Paleoethnobotany: A Handbook of Procedures

Academic Press, 2000 - 700 páginas
Paleoethnobotany is the study of human-plant interactions throughout history. This edition presents the diverse approaches and techniques used by anthropologists and botanists in the study of human-plant interactions. It shows why anthropologists must identify plant remains and understand the ecology of human-plant interactions. Additionally, it demonstrates why botanists need to view the plant world from a cultural perspective and understand the strengths and weaknesses of the archaeological record. This edition of the definitive work on doing paleoethnobotany follows the steady growth in the quantity and sophistication of paleoethnobotanical research. It features a rewritten chapters on phytolith analysis and a new chapter Integrating Biological Data. It also includes new technqiues, such as residue analysis, and new applciations of old indicators, such as starch grains. An expanded examination of pollen analysis, more examples of environmental reconstruction, and a better balance of international examples increase the versatility of this holistic view of palaeoethnobotany. 4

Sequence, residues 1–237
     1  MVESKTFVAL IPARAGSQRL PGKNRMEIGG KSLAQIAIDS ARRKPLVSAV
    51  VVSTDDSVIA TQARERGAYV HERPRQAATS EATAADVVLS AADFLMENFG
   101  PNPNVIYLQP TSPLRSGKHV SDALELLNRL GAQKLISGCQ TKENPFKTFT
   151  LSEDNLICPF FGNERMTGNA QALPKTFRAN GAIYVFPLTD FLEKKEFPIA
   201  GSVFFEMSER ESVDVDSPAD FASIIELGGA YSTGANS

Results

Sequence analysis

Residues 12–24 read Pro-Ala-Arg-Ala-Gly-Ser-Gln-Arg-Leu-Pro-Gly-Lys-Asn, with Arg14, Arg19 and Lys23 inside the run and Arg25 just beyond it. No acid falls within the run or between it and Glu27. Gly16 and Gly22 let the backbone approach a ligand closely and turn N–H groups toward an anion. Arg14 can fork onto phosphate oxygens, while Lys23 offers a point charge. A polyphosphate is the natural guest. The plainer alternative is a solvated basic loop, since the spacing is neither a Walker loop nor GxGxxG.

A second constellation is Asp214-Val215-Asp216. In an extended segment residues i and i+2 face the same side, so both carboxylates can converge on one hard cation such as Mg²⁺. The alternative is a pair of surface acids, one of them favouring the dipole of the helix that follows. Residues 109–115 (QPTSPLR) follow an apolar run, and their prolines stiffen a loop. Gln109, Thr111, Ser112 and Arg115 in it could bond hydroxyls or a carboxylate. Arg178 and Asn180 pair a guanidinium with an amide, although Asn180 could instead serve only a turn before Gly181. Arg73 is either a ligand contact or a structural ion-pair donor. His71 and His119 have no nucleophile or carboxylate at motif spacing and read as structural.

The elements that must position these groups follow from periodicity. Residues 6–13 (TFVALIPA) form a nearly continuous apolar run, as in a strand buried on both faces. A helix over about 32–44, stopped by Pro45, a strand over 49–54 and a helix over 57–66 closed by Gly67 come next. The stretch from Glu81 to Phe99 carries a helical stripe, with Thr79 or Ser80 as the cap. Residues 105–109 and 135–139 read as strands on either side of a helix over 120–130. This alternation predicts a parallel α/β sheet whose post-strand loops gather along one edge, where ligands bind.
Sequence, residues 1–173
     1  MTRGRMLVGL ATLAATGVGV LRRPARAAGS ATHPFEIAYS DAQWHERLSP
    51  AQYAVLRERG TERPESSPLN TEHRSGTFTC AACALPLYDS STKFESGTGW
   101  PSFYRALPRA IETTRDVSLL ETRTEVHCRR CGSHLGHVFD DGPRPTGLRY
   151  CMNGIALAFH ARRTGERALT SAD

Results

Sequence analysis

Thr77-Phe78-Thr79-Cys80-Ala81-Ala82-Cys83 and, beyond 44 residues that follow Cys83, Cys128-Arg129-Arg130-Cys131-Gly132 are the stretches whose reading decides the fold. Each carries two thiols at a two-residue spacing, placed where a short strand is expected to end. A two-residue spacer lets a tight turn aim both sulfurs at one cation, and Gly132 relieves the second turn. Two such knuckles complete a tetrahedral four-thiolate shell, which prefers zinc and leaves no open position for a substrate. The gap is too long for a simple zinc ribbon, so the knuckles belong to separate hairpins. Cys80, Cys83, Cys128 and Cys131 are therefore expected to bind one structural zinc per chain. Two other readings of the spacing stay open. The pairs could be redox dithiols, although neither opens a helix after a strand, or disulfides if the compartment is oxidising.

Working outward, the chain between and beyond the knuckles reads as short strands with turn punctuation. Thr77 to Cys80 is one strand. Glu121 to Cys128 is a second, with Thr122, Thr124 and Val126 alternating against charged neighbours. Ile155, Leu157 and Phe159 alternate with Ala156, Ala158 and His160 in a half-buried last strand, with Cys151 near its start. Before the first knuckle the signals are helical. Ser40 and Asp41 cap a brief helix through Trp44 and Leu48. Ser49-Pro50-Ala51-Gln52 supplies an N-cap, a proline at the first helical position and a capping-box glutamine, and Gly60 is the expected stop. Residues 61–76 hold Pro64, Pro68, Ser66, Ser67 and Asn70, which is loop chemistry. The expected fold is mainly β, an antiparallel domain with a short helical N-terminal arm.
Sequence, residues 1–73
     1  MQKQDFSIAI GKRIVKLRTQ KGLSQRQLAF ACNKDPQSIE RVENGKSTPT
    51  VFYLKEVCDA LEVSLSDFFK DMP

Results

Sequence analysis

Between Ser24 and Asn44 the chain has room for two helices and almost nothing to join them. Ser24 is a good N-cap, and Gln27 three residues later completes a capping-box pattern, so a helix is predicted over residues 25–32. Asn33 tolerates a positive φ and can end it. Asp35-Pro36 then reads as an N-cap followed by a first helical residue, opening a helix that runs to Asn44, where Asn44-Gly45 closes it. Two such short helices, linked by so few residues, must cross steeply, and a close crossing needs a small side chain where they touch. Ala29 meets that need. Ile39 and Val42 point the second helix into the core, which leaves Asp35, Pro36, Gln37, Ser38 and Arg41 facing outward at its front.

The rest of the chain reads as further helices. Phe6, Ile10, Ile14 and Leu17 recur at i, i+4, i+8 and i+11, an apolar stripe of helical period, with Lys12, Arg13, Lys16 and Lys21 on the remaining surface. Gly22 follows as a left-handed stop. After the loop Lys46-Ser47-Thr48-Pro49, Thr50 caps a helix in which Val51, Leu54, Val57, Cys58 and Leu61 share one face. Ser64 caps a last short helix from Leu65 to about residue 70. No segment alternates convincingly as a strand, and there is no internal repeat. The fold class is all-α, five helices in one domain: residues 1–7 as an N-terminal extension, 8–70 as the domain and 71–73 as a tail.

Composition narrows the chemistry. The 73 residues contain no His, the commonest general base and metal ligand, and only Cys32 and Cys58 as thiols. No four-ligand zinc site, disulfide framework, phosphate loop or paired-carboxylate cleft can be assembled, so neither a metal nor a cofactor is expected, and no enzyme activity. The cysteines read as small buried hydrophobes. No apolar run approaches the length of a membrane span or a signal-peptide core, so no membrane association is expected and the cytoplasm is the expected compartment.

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The Paleoethnobotanical Approach
Techniques for Recovering Macroremains
Identification and Interpretation of Macroremains
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Deborah Pearsall is currently Director of Graduate Studies at the University of Missouri, Columbia, as well as head of the American Archaeology Division Paleoethnobotany Laboratory. Her current research focuses on the evolution of agricultural systems in Ecuador and on refining phytolith classification and processing procedures. She received her Ph.D. from the University of Illinois in 1979.

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